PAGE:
In August 2002, relatives of the victims of the September 11 attacks filed a $100 trillion lawsuit in U.S. District Court in Alexandria, Va., against more than 80 individuals and organizations they deemed responsible for financing the attacks. Seda and al Buthe were among those named as defendants. The basis for their inclusion in the suit? Investigators hired by the plaintiffs claimed that the business card of al Haramain-Riyadh’s deputy general director, Mansour al Kadi, had been found in the home of a Kenyan al Qaeda operative who had been Osama bin Laden’s personal secretary. Since al Kadi also was listed as vice president of the Ashland chapter of al Haramain, the suit named all four of the Ashland chapter’s directors.
Word leaked. Soon after, a lone protestor began staking out the Mail Stop in downtown Ashland, where Seda rented a post-office box that served as the chapter’s business address. “ALL ARABS MUST DIE,” read the man’s sign. It was too much for Seda.
One day in February 2003, with his tree-pruning business in ruins, Seda knocked on the bedroom door of his oldest son, Jonah. Suitcase in hand, Seda told his son that he was leaving for Saudi Arabia for hajj and was taking Joseph, Jonah’s 15-year-old brother, with him. “I said, ‘Cool, see you in a couple of weeks,’” recalls Jonah, who that month had turned 19 and relished the prospect of living on his own for a short time. As it turned out, he would not see his father on U.S. soil for four and a half years.
At 7 in the morning nearly a year later—February 18, 2004—with his father and little brother now living in the United Arab Emirates, Jonah was in his bedroom at the prayer house, knotting his tie in preparation for an interview for a teller position at a local bank, when the doorbell rang. He opened the front door and stared, mouth agape, at more than two dozen FBI and IRS agents, as well as officers from the Jackson County Sheriff’s Office and Oregon State Police. Some of them wore body armor and had their guns drawn. Colleen Anderson, an IRS special agent, handed Seda’s son a search warrant allowing her team to seize evidence pertaining to the investigation into whether his father and al Buthe had committed tax fraud and conspired to smuggle money out of the United States. Jonah frantically dialed Berger; over the next six hours, the two men watched as agents ransacked the house, filling an unmarked utility truck parked in the driveway with evidence and leaving behind red-clay footprints on the prayer room’s blue plush rugs.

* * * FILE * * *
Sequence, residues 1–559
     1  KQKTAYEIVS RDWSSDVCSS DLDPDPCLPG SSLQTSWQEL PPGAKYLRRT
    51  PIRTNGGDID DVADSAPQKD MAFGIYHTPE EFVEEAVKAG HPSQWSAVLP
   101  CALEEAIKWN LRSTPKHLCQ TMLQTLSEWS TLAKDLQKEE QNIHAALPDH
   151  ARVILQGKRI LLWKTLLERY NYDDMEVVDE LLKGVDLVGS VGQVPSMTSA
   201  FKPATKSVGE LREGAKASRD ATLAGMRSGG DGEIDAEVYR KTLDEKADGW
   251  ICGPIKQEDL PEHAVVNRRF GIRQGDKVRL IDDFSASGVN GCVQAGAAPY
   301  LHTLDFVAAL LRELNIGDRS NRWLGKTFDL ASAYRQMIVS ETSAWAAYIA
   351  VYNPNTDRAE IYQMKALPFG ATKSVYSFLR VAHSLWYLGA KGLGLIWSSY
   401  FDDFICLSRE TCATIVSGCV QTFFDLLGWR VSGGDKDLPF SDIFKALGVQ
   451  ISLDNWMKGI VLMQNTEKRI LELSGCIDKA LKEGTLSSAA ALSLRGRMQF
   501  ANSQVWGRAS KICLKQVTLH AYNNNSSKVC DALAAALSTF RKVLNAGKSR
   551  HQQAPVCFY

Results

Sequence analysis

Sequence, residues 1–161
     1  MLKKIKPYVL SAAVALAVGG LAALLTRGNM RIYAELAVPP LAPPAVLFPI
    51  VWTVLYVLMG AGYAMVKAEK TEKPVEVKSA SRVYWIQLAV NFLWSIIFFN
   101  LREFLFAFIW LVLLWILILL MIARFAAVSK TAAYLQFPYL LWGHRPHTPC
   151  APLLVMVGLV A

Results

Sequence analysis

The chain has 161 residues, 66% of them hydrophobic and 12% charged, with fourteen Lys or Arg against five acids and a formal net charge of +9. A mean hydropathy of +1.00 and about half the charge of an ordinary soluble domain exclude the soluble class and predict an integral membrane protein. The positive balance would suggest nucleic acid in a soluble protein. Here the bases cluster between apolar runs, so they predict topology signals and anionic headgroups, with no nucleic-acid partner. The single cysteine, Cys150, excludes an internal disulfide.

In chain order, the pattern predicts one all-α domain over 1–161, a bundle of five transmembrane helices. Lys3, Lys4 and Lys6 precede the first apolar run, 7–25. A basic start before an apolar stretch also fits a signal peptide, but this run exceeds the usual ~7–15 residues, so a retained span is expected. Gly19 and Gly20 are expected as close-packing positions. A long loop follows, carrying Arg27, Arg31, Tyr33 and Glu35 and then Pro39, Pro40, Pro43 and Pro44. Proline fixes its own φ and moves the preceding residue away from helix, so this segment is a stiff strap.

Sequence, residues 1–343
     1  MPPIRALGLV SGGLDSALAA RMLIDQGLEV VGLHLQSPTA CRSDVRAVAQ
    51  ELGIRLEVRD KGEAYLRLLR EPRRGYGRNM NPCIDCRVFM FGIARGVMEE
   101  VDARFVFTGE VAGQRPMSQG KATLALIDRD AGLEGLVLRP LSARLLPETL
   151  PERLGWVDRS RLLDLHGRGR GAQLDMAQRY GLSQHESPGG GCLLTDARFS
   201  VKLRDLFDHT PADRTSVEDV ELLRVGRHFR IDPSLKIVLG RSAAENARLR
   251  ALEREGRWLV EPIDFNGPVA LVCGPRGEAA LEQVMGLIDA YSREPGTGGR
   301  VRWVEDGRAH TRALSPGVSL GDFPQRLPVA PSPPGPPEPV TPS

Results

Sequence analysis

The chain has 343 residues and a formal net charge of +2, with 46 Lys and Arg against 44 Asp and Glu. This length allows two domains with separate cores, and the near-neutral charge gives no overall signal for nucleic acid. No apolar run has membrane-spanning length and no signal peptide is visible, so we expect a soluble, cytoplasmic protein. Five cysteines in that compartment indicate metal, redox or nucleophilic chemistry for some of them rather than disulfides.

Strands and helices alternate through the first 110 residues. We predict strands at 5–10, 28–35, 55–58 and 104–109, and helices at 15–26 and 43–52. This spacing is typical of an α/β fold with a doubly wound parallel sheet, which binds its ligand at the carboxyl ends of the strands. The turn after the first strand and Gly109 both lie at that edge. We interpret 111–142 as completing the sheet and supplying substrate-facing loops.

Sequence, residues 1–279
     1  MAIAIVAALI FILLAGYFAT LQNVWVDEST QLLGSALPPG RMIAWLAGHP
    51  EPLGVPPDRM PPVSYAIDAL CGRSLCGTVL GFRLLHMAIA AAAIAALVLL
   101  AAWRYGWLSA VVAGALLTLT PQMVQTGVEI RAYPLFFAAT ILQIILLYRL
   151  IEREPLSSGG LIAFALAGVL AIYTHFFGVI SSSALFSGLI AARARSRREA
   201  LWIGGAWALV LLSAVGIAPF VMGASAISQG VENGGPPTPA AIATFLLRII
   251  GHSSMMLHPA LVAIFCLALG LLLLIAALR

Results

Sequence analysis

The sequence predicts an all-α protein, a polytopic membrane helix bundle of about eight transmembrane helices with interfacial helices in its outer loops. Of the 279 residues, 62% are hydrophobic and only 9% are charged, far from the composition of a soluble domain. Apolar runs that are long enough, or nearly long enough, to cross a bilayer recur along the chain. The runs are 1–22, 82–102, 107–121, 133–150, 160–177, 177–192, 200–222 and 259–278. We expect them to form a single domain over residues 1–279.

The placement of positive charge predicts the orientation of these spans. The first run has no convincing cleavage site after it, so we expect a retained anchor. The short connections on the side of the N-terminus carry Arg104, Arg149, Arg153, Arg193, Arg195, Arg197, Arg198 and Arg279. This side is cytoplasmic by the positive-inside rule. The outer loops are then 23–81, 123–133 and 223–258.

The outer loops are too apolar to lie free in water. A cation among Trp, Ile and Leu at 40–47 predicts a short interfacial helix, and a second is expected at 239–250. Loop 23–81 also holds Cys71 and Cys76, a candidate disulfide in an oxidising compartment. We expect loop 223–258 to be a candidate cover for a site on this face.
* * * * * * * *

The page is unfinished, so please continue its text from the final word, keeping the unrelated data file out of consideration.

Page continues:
Less than three months later, on May 6, the FBI arrested Brandon Mayfield and charged him with the Madrid bombings. Evidence used to justify his arrest included a phone call someone—neither he nor his wife remembers making the call—placed to Seda using Mayfield’s wife’s cell phone. Four months later, the Treasury Department froze the assets of the Ashland chapter of al Haramain and of al Buthe, naming both him and the nonprofit to its “specially designated global terrorist” list.
Soon after that announcement, Charles Carreon, a public defender who once tutored Seda as a fellow student at Southern Oregon State College in the 1980s (Seda’s dyslexia was so bad, Carreon says, that he ended up just typing Seda’s term papers while Seda dictated) and did legal work for Seda’s arborist business, staged a silent protest in Ashland’s main public square. The sign he held was labeled “TERRORIST LIST,” with a photograph of Brandon Mayfield, another of Seda, and a silhouette labeled “YOUR NAME HERE.”
At Pete Seda’s detention hearing at the Wayne Lyman Morse United States Courthouse in Eugene on August 22, 2007, a week after his surrender, a jangling of leg shackles announces the returned fugitive’s entrance into the main courtroom, a cove-lit ultramodern parabolic chamber with walls of terraced cherrywood. Dressed in loose-fitting prison greens stenciled with the words “LANE COUNTY JAIL,” Seda grins effusively and waves at his sons, who are seated in the front row. The gallery’s packed, even though this isn’t a trial. It’s just a hearing to determine whether or not Seda will be released while he awaits his October 2008 jury trial. Typically, a detention hearing involving charges of irregularities on federal tax and customs forms is a nonevent: The judge sets conditions of release and the date of trial, and then frees the prisoner, a process that more often than not is over in a matter of minutes. Today’s hearing, however, will last more than five hours.
The government has staked out territory on the left side of the room, where the pewlike benches are packed with FBI and IRS agents, many of whom participated in the prayer-house raid. Nearby sits U.S. Attorney Karin Immergut, the ranking Justice Department official in Oregon, who made the two-hour drive from her office in the Hatfield Federal Building in downtown Portland. Police detectives in Portland call Immergut “the Stalker,” for the tenacity with which she pursues an investigation, although most people remember her as the woman who grilled Monica Lewinsky before the grand jury investigating Bill Clinton (impassively asking questions like “And on that occasion, did you perform oral sex on the President?”) Although Immergut says she’s in the gallery as a boss observing her staff at work, her presence in the courtroom sends a clear signal that the Justice Department deems Seda’s case to be a high priority.